Top tips for safely charging an EV at home

3 MinutesBy NZ Trucking magazineFebruary 13, 2018

Electric vehicle advocacy group Drive Electric is encouraging potential EV owners to find out if their properties are suitable for home-charging.

Drive Electric board member Eric Pellicer says charging at home is the easiest way to power up an EV.

“The good news is many homes should allow EV charging. But often a standard electrical socket on its own isn‘t safe and specialist electric vehicle supply equipment (EVSE) is needed. We recommend getting a home assessment done by a qualified professional.”

Electricians are also going through an educational process since the advent of EVs, with professional trade organisation Master Electricians running a series of workshops to help educate their members about likely changes to industry guidelines.

Pellicer says some EV dealers offer home assessments for customers, ensuring they have the information they need when purchasing an EV.

Drive Electric charging expert Nigel Broomhall recommends EVSE, which is WorkSafe compliant, and has a number of built-in safety features.

“Quality chargers are rated for use in heavy rain, ice, snow and excess heat, and will not put you at risk of electrocution. Some cheap products warn you not to charge in the rain, which is not a good sign.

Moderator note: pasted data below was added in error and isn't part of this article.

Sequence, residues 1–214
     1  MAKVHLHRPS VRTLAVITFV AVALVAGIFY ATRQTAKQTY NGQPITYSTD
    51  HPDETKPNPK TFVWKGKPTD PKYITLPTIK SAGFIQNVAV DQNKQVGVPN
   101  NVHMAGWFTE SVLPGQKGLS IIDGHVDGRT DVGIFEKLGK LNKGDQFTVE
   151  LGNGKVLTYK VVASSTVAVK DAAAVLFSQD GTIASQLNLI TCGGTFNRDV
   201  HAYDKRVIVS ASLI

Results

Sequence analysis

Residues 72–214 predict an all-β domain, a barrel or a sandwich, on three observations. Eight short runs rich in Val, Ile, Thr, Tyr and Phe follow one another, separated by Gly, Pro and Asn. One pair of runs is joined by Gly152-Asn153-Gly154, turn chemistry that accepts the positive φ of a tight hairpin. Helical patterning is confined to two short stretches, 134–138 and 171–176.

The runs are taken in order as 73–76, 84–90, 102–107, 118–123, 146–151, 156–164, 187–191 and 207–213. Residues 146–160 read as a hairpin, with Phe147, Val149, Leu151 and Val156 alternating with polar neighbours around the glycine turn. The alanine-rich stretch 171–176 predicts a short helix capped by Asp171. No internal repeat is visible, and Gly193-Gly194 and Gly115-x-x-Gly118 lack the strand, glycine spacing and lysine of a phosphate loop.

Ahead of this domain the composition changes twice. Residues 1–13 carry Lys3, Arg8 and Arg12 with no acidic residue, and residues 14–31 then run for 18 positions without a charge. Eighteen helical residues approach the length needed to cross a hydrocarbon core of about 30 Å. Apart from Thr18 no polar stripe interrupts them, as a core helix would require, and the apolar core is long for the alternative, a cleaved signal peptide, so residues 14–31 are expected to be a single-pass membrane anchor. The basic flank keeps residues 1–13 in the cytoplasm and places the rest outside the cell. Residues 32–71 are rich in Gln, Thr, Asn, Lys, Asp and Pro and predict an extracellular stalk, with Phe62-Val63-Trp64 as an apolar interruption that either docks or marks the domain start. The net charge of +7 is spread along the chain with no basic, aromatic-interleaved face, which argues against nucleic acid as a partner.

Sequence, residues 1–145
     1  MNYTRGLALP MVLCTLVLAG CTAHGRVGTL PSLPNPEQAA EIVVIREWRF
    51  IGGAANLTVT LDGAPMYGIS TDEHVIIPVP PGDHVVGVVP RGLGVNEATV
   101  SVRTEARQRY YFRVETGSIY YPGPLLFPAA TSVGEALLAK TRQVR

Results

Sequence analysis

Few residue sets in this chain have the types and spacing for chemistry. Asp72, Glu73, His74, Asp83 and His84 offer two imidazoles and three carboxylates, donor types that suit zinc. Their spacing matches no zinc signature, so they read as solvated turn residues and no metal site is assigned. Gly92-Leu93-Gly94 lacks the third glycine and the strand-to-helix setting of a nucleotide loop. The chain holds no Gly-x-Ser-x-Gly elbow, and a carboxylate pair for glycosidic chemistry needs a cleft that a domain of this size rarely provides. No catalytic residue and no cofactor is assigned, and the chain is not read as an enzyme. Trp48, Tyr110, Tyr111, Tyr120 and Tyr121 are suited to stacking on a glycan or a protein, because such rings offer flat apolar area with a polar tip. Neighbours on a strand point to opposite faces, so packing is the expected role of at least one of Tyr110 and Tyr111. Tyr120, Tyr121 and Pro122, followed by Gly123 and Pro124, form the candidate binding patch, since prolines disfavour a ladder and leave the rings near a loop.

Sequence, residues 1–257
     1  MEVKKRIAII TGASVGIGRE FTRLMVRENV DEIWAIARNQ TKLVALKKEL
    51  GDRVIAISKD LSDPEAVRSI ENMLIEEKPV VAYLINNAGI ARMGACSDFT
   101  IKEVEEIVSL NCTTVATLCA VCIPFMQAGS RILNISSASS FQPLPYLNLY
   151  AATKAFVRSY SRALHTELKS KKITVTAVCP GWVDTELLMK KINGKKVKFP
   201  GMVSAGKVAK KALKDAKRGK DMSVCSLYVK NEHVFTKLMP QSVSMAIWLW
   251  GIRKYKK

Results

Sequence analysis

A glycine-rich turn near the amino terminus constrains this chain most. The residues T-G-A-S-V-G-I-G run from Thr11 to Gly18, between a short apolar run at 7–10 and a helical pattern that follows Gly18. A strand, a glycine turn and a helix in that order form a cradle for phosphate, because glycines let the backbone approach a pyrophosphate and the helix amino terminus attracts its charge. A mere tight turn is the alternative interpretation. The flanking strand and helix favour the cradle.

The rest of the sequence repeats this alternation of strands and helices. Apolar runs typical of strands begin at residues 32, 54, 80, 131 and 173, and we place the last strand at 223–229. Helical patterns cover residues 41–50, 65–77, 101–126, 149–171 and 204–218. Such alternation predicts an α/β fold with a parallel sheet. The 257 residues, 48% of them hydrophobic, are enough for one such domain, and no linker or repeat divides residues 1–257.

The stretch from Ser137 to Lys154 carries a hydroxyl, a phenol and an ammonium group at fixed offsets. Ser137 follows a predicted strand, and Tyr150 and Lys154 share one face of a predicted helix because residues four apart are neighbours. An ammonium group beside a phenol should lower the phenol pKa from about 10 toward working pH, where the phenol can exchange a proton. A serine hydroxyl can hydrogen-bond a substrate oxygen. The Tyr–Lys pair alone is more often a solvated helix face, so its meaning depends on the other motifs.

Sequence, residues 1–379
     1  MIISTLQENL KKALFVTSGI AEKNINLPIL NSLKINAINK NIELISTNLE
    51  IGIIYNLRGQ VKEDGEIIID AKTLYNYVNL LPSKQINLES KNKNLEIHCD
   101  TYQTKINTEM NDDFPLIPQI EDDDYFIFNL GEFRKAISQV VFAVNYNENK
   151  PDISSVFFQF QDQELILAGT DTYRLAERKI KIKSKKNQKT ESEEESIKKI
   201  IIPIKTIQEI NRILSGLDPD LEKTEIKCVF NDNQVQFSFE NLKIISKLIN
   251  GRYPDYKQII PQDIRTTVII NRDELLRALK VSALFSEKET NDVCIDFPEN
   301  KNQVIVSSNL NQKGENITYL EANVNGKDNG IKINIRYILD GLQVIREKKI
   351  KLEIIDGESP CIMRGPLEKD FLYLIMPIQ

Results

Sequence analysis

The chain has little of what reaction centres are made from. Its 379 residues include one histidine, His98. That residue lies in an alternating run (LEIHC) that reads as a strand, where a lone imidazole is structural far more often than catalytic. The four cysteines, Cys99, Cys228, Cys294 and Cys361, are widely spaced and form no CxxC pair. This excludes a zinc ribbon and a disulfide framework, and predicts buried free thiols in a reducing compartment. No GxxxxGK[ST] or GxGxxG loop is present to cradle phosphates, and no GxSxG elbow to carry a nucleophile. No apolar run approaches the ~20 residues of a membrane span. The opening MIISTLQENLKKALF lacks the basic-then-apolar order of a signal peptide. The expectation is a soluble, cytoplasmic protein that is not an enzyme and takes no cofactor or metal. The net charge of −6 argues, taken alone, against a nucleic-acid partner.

“Professionally installed EVSE also includes the right residual current device protections, and a master switch so the charger can be turned off if you have any issues.”

The key to picking the right charger is finding out the size of the on-board AC charger on the vehicle, Broomhall says. The on-board charger tells you how much energy the car can take in an hour.

“EVs are fantastic and having your own ‘gas station‘ means you always start the day full. But with this comes the need to think carefully about the charger you choose, and how you use it.”

Broomhall says there are other tips EV owners need to be aware of when charging at home, which include never using extension cords with any EVSE equipment because they aren‘t designed to handle the large amounts of electricity required to fill up an EV.

“They can melt, catch fire or even electrocute you. Also, be careful with adaptors. Unless the adaptor has been approved by the charger manufacturer then it is not WorkSafe compliant.”